A week ago I was tired of blogging and not sure I’d ever write another post (though really I knew I would.) This is my second post in 3 days, after weeks of nothing, and now I’m back joining in Ten Things of Thankful. How could I not write this weekend, when I have so much to be thankful for?
A week ago the idea of 1000 Voices Speak For Compassion didn’t even exist. Now we’ve got almost 800 people in our Facebook group, we have a Facebook page, and we’ve got a hashtag on Twitter: #1000Speak. We have a gorgeous logo, designed by my lovely friend Pam Bennett.
Things have moved so fast. It’s extremely exciting and at times a little overwhelming. At one moment on Wednesday I was having three separate Facebook chats, writing a blog post and firing emails back and forth with Pam as she worked on the design.
I love it though! I love that people feel encouraged and inspired to take part. I feel gratitude pour from me; my heart is singing when I think of the amazing people taking part and the amazing things some of them have already written. Yesterday I asked people to share a few words about why they’d joined and what being part of 1000 Voices Speak For Compassion means to them. I had tears in my eyes reading the responses and shivers down my spine. (And I don’t say things like that unless I mean it!)
Somehow, the time was just right for this. All it needed was someone to suggest it. I’m not sure it would have happened this way a year ago, maybe not even a month.
For me, the story of 1000 Voices Speak begins a week ago on Wednesday. We all know what happened in Paris on the 7th of January. It was on Twitter where I first saw the news of the Charlie Hebdo attack . Updates came fast, and I kept getting drawn back to Twitter to check for more.
Within minutes of that first tweet, more came attributing the attacks to extremist Islamic terrorists. It didn’t take long for some people to start blaming Muslims in general, and soon anxiety spread that this attack would create another wave of Islamophobia.
However, and thankfully, it may just have done the opposite. Ordinary Muslims and Muslim leaders were quick to tweet messages like the one below:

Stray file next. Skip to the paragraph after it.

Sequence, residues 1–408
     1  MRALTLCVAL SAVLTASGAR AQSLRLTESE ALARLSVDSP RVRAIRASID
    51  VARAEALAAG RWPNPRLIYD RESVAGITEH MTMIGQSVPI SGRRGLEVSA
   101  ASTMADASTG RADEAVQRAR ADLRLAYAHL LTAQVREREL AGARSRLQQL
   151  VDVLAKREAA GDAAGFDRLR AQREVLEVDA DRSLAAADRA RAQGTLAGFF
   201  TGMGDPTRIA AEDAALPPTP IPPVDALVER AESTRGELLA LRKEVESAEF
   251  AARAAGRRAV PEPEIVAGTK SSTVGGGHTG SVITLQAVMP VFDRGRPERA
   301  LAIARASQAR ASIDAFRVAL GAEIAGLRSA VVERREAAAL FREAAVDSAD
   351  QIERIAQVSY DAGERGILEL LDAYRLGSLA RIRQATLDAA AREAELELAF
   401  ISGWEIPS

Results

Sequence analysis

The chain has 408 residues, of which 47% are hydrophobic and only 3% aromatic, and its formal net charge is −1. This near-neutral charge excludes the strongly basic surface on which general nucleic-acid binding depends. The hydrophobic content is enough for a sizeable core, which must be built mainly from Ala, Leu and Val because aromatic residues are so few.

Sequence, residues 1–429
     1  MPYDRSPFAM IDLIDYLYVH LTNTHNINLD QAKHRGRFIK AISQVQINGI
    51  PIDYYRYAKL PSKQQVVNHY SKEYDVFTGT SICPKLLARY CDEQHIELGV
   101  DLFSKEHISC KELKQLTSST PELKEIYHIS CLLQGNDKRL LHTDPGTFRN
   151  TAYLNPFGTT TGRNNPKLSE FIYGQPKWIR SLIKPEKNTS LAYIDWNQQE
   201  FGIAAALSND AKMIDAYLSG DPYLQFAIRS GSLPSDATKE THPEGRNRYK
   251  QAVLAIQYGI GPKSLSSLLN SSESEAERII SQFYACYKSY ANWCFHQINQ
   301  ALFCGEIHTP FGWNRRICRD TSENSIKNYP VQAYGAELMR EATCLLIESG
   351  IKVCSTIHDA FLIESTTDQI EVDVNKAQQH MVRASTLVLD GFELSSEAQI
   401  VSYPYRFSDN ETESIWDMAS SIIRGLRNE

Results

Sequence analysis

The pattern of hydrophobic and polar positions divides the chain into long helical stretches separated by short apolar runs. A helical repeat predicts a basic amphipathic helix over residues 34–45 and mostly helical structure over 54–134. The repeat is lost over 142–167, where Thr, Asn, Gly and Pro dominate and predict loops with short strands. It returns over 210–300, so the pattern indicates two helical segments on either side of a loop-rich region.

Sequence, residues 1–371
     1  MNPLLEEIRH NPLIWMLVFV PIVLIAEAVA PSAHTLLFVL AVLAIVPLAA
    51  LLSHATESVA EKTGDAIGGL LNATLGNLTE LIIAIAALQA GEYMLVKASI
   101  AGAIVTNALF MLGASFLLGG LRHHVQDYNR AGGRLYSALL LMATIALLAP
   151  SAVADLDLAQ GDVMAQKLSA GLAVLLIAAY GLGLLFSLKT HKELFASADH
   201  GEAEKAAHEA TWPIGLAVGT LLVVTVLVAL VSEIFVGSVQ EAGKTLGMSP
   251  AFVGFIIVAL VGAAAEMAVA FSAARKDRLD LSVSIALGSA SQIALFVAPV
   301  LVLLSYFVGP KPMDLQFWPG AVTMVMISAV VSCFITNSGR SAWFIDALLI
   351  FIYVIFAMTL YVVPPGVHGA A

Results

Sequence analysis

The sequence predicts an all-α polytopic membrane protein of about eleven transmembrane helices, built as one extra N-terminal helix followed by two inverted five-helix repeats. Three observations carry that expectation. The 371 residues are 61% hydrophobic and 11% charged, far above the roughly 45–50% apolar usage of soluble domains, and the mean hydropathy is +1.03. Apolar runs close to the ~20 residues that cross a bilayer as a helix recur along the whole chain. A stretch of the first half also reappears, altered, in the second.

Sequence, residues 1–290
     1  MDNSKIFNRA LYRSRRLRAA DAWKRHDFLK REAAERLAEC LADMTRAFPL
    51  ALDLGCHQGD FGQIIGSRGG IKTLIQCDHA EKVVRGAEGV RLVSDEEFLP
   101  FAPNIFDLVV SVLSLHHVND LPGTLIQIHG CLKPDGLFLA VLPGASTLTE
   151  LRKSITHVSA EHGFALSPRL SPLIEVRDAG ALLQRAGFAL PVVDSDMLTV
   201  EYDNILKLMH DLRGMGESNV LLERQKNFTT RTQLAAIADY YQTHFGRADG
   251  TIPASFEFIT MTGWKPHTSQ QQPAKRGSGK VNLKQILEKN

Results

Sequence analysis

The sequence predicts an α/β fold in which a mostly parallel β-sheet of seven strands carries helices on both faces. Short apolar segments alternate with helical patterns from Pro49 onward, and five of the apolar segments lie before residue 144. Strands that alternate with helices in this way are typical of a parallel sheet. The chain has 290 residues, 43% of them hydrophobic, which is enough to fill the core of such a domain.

As a Muslim, killing innocent people in the name of Islam is much, much more offensive to me than any cartoon can ever be. #CharlieHebdo
— Iyad El-Baghdadi (@iyad_elbaghdadi) January 7, 2015
These were soon followed by this kind of tweet:
To ask Muslims to justify themselves after today’s attack is as stupid as asking a Catholic to justify the Spanish Inquisition. — Gary Bainbridge (@Gary_Bainbridge) January 7, 2015
There was something else too, something that I began to notice with the tweets calling for newspapers to publish Charlie Hebdo cartoons.
— HuffPost UK (@HuffPostUK) January 7, 2015
Something was changing in our response to terrorist attacks. Changing in a good way. I felt it all day, and then in the evening I saw the tweet that summed it up:
— Josh Lederman (@joshledermanAP) January 7, 2015
We are not afraid to stand together, whether we are Christians, Jews, Muslims, Hindus, Buddhists or of no faith or everyone. We are saying no to terrorism dividing us. Hands reached out and typed words of support for each other. They reached out on January 7th, and they’ve gone on doing so.
Ironically, Islamophobes and terrorists are in agreement with each other: both think extremists are the true face of Islam — Owen Jones (@OwenJones84) January 10, 2015
By Sunday, people were marching in Paris in solidarity of the right to free speech, even if (especially if) we sometimes disagree with what people say. It was amazing to see so many people walking together. I may be one of very few people to say this, but I felt pleased to see even the Israeli and Palestinian leaders, who had reportedly been asked not to attend. If they can walk together in Paris, perhaps eventually they can walk together at home. But while this walk took place, I read this tweet.
I was one of many who didn’t know about this massacre. I soon found an article in the Guardian, detailing a horrific attack by Boko Haram on Nigerian villagers. The elderly, women and children died, because they could not run fast enough to escape the randomly fired bullets. This next tweet was my own.
I also posted about this on Facebook and Lizzi from Considerings saw my post. She wrote, “What is WRONG with the world ?!?!?” This was my reply:
Fear of others, dehumanising opponents (seeing them as less than human and so it’s not murder.) We do this too, if we refer to terrorists as vermin etc.
Phillip Zimbardo is worth reading on this. He’s most famous for the Standford Prison Experiment, and has also written about the abuse of Iraqi prisoners. I think he testified at one soldier’s trial. http://www.prisonexp.org/
Also Arthur Deikman’s book Them and Us explains a lot. (I’m reading it just now.) http://www.amazon.co.uk/Them…/dp/097200212X/ref=sr_1_3…
Lizzi commented that she’d just written a post trying to counter this kind of thing, I read her post, and the idea for 1000 Voices Speak for Compassion was born. I’m so thankful it has taken off. I am so thankful those journalists and those people in Nigeria did not die in vain. Their voices may never be heard again, but we can speak for them; we can keep saying, “Enough” to violence and bring compassion sweeping across the globe. It is happening, and our 1000 voices will be heard.